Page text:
A few weird things happen when you tell people you’re going to be a judge on RuPaul’s Drag Race.
First, they get excited — which isn’t particularly weird, but definitely becomes weird when you realize that everyone thinks “Yaaaas” is the only appropriate exclamation to the news of your reality-TV participation. Some people should NEVER yas.
Then, they ask how it happened, and that answer isn’t too weird, either. I write Entertainment Weekly‘s Bullseye page, and I imagine that the inherent snark played a factor in my being asked to judge the sassiest of challenges: The annual “Reading Is Fundamental” challenge, in which the drag queens take turns insulting each other, and the winner is she whose burn scorches hottest. It’s a brief role, but a fantastic one that’s as much an honor to judge as it is an anxiety-inducing horror. But I digress. If you get a call asking you to appear on Drag Race, and if you have an open schedule and any gay pride whatsoever, you quickly oblige, because this is RuPaul, after all: a cultural institution and a continuously relevant icon whose influence as a commentator on the zeitgeist only swells alongside the growing perspectives on social equality.
So, that’s how I ended up spending a few hours on the Los Angeles set of Logo’s long-running, trailblazing reality series. But the process by which you get to be on Drag Race isn’t nearly as interesting as when you’re actually standing side-by-side with RuPaul — an almost magical encounter which I more or less imagine is what it must feel like to be a basic Hufflepuff called in to Dumbledore’s office. As you stand with RuPaul in that rarified air opposite the contestants, it’s hard to ignore that Ru (can I call you Ru?) is such an important beast of entertainment. You essentially do as Ru does, and hope you yourself don’t get read on the way out of the workroom.
Here’s what I learned from my day as the king of queens.1. You need a drag name.
If you’re going to appear on a TV show where the contestants’ names include Acid Betty, Kim Chi, and Bob the Drag Queen, you’d better come prepared with your own moniker. For some ludicrous reason, I wasn’t. So, by the time a fourth person asked me what my drag name was, I decided I might as well just pick something. I typically keep a list on my phone of two-word phrases I hear in the wild that I think might make a good drag name some day. (They include: Snatch Postal, Dusty Gem Mine, Piggy Exclusive, Iceberg Romaine, Rachel Bilson, Visa Decline, and Tattooine Water Pump.) But I didn’t have time to consult my list, so I panicked. But that very morning, I had just watched the pilot of my new favorite ABC show … so, meet Quantico Henley.2. Be prepared to emote.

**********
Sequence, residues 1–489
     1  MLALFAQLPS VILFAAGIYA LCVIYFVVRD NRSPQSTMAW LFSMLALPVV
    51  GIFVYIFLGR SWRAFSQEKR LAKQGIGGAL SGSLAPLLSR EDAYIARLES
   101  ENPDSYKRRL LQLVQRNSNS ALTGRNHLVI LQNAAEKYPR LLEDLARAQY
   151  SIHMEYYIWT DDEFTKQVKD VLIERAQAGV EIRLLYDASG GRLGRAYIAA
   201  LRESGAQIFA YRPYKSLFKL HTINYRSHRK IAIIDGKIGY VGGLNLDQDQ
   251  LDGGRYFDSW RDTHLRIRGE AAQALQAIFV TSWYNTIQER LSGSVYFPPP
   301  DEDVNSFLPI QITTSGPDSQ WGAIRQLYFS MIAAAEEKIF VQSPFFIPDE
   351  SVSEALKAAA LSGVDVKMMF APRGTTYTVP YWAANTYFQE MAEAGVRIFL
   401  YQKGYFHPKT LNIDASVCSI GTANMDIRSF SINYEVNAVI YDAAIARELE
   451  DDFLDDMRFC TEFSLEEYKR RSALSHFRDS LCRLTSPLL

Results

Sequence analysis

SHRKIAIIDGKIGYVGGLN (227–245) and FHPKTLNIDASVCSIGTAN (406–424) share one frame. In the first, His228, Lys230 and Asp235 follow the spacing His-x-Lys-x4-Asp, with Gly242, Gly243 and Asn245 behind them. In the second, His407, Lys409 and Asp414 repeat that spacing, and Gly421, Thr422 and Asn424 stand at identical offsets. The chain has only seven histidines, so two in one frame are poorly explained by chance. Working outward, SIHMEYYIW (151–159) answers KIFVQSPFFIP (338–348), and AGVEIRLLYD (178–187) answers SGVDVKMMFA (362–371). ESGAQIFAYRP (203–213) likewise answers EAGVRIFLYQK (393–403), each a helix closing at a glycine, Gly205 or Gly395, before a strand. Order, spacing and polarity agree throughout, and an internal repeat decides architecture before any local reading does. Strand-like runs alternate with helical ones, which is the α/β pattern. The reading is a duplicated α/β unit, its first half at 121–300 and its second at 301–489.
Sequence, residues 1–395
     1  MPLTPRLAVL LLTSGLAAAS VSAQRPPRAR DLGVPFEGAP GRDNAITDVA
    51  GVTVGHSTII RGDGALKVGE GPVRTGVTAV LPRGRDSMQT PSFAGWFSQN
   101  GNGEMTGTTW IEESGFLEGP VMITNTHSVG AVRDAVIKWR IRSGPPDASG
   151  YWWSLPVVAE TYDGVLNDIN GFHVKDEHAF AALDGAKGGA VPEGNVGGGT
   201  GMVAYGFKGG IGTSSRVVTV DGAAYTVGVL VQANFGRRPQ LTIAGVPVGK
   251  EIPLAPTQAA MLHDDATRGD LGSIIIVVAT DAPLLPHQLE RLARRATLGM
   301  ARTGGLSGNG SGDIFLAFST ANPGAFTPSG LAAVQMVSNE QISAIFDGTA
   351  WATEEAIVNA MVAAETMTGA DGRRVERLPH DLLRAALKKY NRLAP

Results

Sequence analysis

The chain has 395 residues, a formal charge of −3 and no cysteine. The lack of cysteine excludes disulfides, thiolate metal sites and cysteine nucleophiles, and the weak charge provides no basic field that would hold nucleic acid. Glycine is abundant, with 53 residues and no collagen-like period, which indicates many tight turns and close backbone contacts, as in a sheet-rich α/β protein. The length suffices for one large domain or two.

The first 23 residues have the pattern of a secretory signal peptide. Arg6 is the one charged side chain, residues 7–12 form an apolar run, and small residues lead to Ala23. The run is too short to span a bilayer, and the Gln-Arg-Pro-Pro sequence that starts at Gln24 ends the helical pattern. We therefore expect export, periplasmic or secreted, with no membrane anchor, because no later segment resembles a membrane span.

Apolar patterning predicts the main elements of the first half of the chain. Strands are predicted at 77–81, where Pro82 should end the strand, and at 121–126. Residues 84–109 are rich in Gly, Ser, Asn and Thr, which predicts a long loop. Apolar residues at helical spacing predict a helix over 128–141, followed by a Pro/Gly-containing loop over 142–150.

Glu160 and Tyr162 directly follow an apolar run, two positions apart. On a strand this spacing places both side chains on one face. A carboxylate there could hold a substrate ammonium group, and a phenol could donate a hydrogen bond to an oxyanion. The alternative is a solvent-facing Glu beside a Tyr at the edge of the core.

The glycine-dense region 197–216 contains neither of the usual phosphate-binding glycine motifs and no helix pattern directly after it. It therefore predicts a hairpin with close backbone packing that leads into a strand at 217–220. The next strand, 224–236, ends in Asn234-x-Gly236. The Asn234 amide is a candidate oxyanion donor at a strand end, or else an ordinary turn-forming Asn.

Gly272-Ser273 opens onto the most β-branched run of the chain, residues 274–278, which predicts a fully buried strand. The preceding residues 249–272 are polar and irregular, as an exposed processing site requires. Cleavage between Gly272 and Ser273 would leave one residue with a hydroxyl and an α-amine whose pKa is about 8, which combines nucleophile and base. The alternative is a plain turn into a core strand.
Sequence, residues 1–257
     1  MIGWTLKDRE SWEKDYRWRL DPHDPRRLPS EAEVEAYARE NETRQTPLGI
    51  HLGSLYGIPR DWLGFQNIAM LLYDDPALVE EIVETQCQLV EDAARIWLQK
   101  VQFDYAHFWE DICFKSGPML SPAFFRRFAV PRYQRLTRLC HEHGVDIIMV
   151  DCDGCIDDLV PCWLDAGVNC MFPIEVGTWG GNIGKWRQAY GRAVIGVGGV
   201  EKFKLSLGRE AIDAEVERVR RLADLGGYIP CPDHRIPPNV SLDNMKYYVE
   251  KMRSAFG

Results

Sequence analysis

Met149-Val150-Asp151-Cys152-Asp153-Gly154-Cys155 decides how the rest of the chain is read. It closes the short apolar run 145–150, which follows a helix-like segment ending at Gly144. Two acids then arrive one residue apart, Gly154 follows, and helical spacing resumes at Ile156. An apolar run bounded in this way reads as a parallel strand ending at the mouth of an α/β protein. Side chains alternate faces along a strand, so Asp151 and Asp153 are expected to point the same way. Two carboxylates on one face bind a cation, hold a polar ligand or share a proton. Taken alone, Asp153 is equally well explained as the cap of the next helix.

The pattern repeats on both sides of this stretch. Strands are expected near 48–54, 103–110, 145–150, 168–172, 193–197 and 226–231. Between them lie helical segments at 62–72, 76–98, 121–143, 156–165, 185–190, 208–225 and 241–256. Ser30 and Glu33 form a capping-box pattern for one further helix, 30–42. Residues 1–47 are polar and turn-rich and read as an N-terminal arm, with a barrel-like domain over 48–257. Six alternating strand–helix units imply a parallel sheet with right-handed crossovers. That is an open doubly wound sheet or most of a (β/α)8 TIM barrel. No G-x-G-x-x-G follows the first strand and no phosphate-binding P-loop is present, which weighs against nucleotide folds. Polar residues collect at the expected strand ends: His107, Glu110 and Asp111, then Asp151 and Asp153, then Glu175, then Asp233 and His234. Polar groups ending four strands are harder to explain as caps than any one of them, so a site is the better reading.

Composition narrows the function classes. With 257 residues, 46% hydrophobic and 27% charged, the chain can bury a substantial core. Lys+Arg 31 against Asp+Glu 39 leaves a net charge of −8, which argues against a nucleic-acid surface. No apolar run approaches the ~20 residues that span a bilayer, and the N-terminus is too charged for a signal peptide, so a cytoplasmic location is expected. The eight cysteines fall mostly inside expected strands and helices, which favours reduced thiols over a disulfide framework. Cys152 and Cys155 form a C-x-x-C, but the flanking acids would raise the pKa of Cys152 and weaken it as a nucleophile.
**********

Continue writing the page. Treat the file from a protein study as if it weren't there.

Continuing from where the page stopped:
In judging the library challenge, I was fully prepared to be shocked and horrified by some of the inventive invectives the queens would come up with to lob against each other. But my real challenge was in varying those 20-something reactions to the insults, which ranged from polite parlor repartee to straight-up arson of the soul. When all was said and done, you only see a couple of my reactions to the queens’ reads, but rest assured, I ran through the entire gamut of emoji reactions and tried to replicate them on my real face (a.k.a. God’s emoji). You’ve got to give the people options.3. You are not Ryan Seacrest.
Blame it on years of watching reality television that I assumed my delivery of the final verdict had to be loaded with suspenseful, pregnant pauses. (I assumed they might have wanted to cut to commercial break or something, as if the winner of this mini-challenge was that important that it needed to be padded by a 90-second spot for Broadway’s Waitress.) Anyway, when the time finally arrived for me to announce the challenge’s victor, I tried to be coy and make high-stakes eye contact with all of the queens as I unveiled their fate. “And the winner … of this week’s … mini-challenge … is …” But then a voice in my earpiece cut me off: “Marc, please just read the line normally.” Oh. Okay.4. There are no double takes in drag.
RuPaul, on the other hand, is a seamless host and doesn’t waste time on botched line deliveries. He may do an alternate joke here and there — my last name alone elicited a batch of improv I can’t repeat here, although a “Snetiker, please” GIF is currently haunting my group messages — but Ru is a well-(essential)-oiled machine and knocks out the processes of reality emceeing with basically one shot. He’s a legend among the cast and crew, all of whom have a favorite personal story about a time RuPaul was exceedingly generous to them. Upon meeting him, there’s an indescribable alchemy of kindness and intimidation, like if your school principal invited you over for cheesecake. I felt in safe hands as Ru all but held my hand through the shoot and guided me to match his energy and carriage. Also, Ru’s arrival on set is almost mythically awaited, with a palpable electricity when word gets around that he’s finally arrived. It’s almost as if Godot eventually did show up, but in a cute pinstripe tee and sailor hat.5. The real beauty is underneath!
The enigmas of drag apply to the material production on RuPaul’s Drag Race, wherein the extraordinary masks the ordinary beneath (to wit, there are hidden secrets about the workroom I won’t reveal here). But more importantly, what you don’t see on TV is how the show’s occasionally catty veneer can instantly wash away when the tape isn’t rolling. For as much as the show has united a world of outsiders for eight seasons through its brazen outspokenness and encouragement to live your best, loudest self, it’s the quieter moments — like when the cameras stop and the contestants apologize for getting too vicious — that win this Race.
Follow Marc on Twitter @MarcSnetiker.
A version of this story originally appeared in Entertainment Weekly issue #1410, on newsstands now or available here.